Barstool Golf Time | Book Tee Times At The Best Prices & Earn RewardsDOWNLOAD NOW

We're Missing the Real Scandal in the Manti Te'o Documentary

Like virtually every other guy I know, I've spent a couple of hours this week watching Untold: The Girlfriend Who Didn't Exist on Netflix. And I agree 100% with Chief's review of how utterly bonkers the whole story is, and what a great job the documentary does telling it:

Judging by the reaction I'm seeing on line and hearing from my friends, it strikes me that the major points people are taking away from the whole saga are:

A) How ridiculously naive Te'o was to have fallen for the scam.

B) What a sociopath Tuiasosopo is, beginning every sentence with "I" and showing a complete lack of remorse for the damage the catfishing scheme did in other people's lives. 

I've read a few people questioning why the chick whose MySpace photosTuiasosopo used never came forward to blow the whistle on the whole thing sooner. But let me remind them that, strange as this may sound, not everyone is fixated on Notre Dame football the way, for instance, I am. Not even preposterously attractive women like her. There is a vast segment of the American public that wouldn't know a story like his unless it came up on The Bachlorette or Kylie Jenner's Instagram. So I cut her all the slack there is in the world. 

But all these plot threads miss the larger point. The actual scandal at the heart of the entire matter. Even the documentary itself doesn't give the issue more than a couple of minutes of conversation. And it's the fact that every single major sports and news outlet in America got catfished even worse than Te'o did. 

How may hours of TV coverage and how many megabytes of online data were spent telling the story of Te'o tragically losing his girlfriend to leukemia and then heroically taking the Irish to an undefeated season in her honor? Aliens landing on the White House lawn to return Amelia Earhart wouldn't get that much attention. And not one of them - not one - of the biggest media giants in the country ever bothered to invest the half a day it would take to find out the whole thing was a grift. They just fell in love with the story and repeated the lies. 

Seriously, not one of them assigned some entry-level reporter to look for information on Lennay Kekua. To check the obituaries. To find out where she lived and get a statement from her friends and loved ones. To go to Stanford and ask her heartbroken coed friends to look adorably sad on camera, which is the kind of content the networks love. Hell, to even look at her Facebook page, notice the red flags thrown up by the fact she was the only pretty college aged girl in the country in 2012 not updating her photos constantly and posting five times a day. For five full months, they simply ignored all the obvious warning signs and the inconsistencies. Because they loved the story and didn't want the truth to get in the way of it.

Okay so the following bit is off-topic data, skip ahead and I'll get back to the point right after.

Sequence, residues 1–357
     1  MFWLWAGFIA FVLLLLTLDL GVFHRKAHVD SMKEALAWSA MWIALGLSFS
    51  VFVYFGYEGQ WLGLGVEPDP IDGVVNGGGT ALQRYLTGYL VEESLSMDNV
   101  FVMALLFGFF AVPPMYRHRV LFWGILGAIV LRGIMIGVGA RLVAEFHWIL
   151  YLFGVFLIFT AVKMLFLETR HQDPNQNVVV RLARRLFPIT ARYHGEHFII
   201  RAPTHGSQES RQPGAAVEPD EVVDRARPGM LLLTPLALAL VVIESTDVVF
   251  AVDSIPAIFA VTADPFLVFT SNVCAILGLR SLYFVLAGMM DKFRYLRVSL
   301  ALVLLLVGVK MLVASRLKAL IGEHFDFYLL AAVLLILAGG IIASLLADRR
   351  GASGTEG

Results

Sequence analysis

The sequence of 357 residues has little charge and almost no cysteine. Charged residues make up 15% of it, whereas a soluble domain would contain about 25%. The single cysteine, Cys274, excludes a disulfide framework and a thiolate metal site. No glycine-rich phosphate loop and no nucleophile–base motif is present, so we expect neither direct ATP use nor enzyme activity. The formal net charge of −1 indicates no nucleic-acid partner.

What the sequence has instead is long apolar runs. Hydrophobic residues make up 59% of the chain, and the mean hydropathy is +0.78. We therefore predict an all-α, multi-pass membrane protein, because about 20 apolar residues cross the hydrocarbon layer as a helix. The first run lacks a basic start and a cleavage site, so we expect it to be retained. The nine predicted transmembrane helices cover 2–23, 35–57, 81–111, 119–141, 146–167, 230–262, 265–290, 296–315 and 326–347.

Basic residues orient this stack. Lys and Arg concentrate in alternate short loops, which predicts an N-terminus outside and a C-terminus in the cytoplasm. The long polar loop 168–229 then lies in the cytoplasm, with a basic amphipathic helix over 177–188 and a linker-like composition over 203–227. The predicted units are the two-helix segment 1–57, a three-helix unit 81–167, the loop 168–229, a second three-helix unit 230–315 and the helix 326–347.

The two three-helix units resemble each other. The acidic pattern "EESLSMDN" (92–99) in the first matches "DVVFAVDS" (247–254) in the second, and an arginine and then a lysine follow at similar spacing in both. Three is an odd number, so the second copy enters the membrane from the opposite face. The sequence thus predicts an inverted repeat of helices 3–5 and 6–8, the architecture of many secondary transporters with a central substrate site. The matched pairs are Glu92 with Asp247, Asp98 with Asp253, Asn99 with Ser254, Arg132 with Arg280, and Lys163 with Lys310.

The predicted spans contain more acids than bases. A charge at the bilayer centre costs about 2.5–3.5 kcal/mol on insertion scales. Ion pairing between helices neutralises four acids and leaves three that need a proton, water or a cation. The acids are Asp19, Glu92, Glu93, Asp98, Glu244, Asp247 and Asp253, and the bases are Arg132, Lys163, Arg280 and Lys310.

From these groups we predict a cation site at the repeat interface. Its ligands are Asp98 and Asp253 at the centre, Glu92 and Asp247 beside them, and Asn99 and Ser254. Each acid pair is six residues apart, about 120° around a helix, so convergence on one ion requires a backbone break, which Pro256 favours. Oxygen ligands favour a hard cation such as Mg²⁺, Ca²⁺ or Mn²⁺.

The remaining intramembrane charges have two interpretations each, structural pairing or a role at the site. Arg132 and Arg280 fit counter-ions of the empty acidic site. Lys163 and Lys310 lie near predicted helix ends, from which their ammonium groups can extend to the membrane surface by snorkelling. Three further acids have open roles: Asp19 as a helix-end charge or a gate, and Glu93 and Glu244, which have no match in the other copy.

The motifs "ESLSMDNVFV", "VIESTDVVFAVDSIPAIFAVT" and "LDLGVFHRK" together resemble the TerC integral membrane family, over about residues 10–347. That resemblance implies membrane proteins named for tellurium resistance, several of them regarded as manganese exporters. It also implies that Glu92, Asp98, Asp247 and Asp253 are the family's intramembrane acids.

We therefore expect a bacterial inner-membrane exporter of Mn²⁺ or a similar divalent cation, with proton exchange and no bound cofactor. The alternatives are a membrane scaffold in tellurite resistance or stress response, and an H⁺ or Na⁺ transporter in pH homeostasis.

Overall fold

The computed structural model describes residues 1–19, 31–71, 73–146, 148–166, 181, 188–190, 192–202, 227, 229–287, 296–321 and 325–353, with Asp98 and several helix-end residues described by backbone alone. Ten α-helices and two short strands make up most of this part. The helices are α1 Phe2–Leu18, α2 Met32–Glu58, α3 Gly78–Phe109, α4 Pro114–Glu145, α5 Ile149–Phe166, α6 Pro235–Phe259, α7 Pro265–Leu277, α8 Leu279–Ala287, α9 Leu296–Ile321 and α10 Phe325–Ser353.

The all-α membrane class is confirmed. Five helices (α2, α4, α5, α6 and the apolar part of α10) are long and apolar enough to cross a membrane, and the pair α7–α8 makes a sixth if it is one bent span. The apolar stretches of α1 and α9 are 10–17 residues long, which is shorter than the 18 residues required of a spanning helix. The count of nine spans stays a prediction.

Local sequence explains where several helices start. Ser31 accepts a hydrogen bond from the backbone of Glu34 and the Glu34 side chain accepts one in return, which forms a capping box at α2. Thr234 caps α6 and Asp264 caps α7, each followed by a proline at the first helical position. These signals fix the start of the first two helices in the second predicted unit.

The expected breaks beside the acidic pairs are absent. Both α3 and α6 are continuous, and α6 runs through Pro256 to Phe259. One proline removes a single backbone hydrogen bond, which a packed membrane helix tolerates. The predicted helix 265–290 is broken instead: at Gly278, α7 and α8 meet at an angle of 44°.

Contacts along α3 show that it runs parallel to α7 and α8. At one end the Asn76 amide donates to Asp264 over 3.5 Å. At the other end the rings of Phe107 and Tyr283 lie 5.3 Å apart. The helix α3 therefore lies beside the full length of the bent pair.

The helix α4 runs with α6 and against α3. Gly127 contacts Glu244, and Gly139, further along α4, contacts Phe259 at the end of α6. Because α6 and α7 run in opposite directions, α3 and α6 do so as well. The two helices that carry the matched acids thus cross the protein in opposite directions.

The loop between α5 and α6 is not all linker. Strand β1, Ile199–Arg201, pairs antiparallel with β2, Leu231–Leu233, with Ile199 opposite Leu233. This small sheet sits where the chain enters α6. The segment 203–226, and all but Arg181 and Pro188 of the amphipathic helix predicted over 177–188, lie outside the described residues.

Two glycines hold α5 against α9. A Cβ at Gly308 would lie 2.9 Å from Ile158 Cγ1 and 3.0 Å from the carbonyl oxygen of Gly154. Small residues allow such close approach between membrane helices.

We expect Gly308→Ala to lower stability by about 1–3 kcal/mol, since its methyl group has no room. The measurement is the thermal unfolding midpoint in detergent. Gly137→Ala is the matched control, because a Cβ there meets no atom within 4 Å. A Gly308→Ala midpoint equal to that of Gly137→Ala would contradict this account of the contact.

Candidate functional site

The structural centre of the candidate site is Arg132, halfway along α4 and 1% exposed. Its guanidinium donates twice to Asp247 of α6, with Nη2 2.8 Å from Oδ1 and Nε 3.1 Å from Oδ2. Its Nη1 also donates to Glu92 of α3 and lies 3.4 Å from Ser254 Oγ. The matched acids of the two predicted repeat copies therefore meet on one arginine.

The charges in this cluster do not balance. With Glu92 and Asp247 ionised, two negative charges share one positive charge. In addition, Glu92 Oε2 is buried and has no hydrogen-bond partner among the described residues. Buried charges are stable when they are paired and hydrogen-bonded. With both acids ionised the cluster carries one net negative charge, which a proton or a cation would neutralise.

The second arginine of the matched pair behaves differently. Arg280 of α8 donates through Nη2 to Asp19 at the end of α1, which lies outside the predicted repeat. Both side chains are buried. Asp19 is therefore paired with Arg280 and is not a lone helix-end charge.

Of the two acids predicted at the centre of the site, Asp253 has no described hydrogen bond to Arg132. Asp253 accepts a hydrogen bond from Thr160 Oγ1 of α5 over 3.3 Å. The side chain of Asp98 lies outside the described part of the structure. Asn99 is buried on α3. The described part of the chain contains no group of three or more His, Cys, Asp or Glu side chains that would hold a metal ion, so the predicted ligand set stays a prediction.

You can ask why, if we're so smart, Barstool didn't do the research? And I'll point out that it wasn't up to us. We weren't the ones spending September 2012 to January 2013 biting our lower lip and releasing a single tear at this heartwarming tale of love defeating death itself. We were busy building an empire on making people laugh, not spinning maudlin tales of tragedy and romance. Besides, there were like 10 writers on the site at that time. I was using my phone as a mobile hotspot to connect my laptop to the internet from the shitty WiFi-free public building I was working in. But believe me, before I decided to spent the fall and winter of 2012 tugging at heartstrings, I would've done a small amount of digging. What's NBC's, ESPN's, CBS's and Fox's excuse? Other then they pinch their nipples in aroused delight every time some Olympic swimmer is jumping into a pool to honor some dearly departed great-grandfather, and this was the perfect example that brand of sappy Up Close and Personal" sports journalism.

Which brings me finally to the journos who actually did the work to expose the scam. I don't normally give credit to Deadspin. But I have no issue with giving credit to Deadspin: 2012. That was a time when that site still had some reason to exist. When their mission - at least in part - was to be an alternative to the traditional media. Before they convinced themselves they stood alone on a moral high ground of their own creation. When they'd get all sniffy and indignant about us entertaining our readers with galleries of smokeshows and guessing celebrities' asses in bathing suits, while they were posting illegally obtained full frontal videos of Hulk Hogan and Erin Andrews. That is, before they became the Coolest Kids on the Internet:

Judgmental, self-possessed, Puritanical scolds with a sense of self-worth way out of proportion to their actual talent. And whose righteousness and arrogance destroyed the company and sent them all scurrying to their own WordPress pages. But those two guys who did the research in 2012 still had some self-respect. Kudos to them. 

And in the documentary, these former Deadspin try to make the case that the real story here isn't that some narcissist grotesquely catfished a naive athlete, it's the way the American media swallowed the story. Unfortunately, that point gets completely buried in the sensationalism of the story itself. Just like it did 10 years ago.